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Rabindranath Tagore (1961), A Documentary on a Great Literary Figure

Rabindranath Tagore

Whenever I learn about Indian history, I am always surprised by the long history of interconnectedness between India and the West. Well before America was a country, India was influencing Europe and Asia in ways that would eventually make it here.

This tradition continued in the life of Rabindranath Tagore. He was born in Calcutta (Kolkata) in 1861, during the time of the American Civil War, and died in 1941 during the second World War. This movie didn’t go into what impact the American Civil War might have had on his life, but as I learned when I went to visit the Star of India, this was a huge growth period of trade for India, as Europe could no longer reliably expect supplies from America. Tagore’s grandfather amassed great wealth with investments in coal, indigo, silk and sugar, and he established the Union Bank in Calcutta. The world’s great wars, on the other hand, would deeply affect Rabindranath Tagore.

Tagore was known primarily as an author and poet. He had such an amazing childhood, that it is no wonder he became such a successful poet and author. His family had such great wealth that every need was afforded to him. But they also insisted on his education. He greatly disliked the parochial type schools they first put him in, dropping out of four different ones before his family decided to take another approach to his education. Instead of schooling, he travelled to North India with his brother, and his brother tutored him on the great works both of Western society, and he learned Sanskrit and the great Indian texts.

Tagore published his first major work by age 16. Around this time he was composing operas integrating Western melodies and traditional ragas. He was the first to use traditional ragas in opera. In 1911 he wrote India’s national anthem, Jana Gana Mana, which is still India’s national anthem to this day. But it wasn’t until the 1920s that he was noticed outside of India, when he translated Gitanjali into English and took it to Europe. He soon got it into the hands of W. B. Yeats, who liked it so much he wrote an introduction for it and maintained a long relationship with Tagore. In 1923, Tagore was awarded the Nobel Prize in Literature mainly for Gitanjali.

But the international attention Tagore received is essentially a distraction from his remarkable life. He was born seven years before Gandhi, and was therefore a part of the same piece of Indian history. He experienced the Great War, where Indian’s fought for Britain, and he experienced the period after, when Britain failed to live up to her promises to reward India for her service. Instead, England cracked down on movements for self-rule, that culminated in the Jallianwala Bagh massacre to which Tagore responded by repudiating his British knighthood.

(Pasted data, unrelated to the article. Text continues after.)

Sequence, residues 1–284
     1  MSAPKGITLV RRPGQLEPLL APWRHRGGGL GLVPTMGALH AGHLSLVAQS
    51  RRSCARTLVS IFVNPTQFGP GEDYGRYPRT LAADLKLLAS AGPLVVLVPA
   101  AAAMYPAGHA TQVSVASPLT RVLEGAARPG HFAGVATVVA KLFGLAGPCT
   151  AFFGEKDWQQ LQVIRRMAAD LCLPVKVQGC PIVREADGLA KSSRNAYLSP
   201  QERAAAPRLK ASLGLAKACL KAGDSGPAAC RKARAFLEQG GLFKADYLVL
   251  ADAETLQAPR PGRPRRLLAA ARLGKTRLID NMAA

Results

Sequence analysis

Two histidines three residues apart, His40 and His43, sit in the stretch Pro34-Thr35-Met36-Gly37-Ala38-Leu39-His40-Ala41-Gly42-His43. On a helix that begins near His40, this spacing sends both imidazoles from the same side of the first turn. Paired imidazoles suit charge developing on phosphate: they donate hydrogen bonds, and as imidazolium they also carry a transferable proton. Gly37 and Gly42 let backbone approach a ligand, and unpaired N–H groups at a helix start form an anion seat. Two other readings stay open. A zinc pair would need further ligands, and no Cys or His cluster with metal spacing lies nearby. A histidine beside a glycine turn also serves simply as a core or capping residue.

As a poet, he led marches and wrote protest songs. In 1903, England took a divide and conquer strategy toward Bengal and divided the state on religious lines. The the aim was to turn one side against the other. In response, Tagore repurposed that year’s Raksha Bandhan as a Day of Friendship between the East and the West, the Hindu and the Muslim Bengalis. Even if they were no longer united as one state, they would remain united for the time being, in principle. (East Bengal eventually became the country of Bangladesh).

Puja and I watched this documentary on Hulu. It was created by the Films Division of India in 1961, and produced by well-esteemed filmmaker, Satyajit Ray. Satyajit, like Tagore, was from Calcutta. The purpose of the Films Division was to “produce documentaries and news magazines for publicity of Government programmes,” in other words propaganda. But, at least in this instance, they were smart enough to hire a real filmmaker who would take a serious, crafted approach.

The film is in black and white, and some archival footage can be especially muddy, but if you are interested in the film and you find this off-putting, you should stick with it anyway. The craftsman just didn’t have the best tools in his time, but he did a fine job anyway. The movie is very watchable, although sometimes the facts and names would come too fast for my ears. The nice thing was being able to pause and talk to Puja about what was just said, and even to look things up online, such as his family tree.

In addition to producing the film, Satyajit also narrated it in English. I noticed he would speak somewhat slowly and very clearly, especially when it came to long Indian names. So I wonder if this movie was a patriotic film, directed at India’s people, or if the real target was international.

Perhaps Satyajit was saying to the world, India is a land of riches and you should be paying attention to her intellectuals. This movie came out in 1961, and India was to play a major role in the world’s social revolution of that decade. Perhaps this movie was made in anticipation of that.

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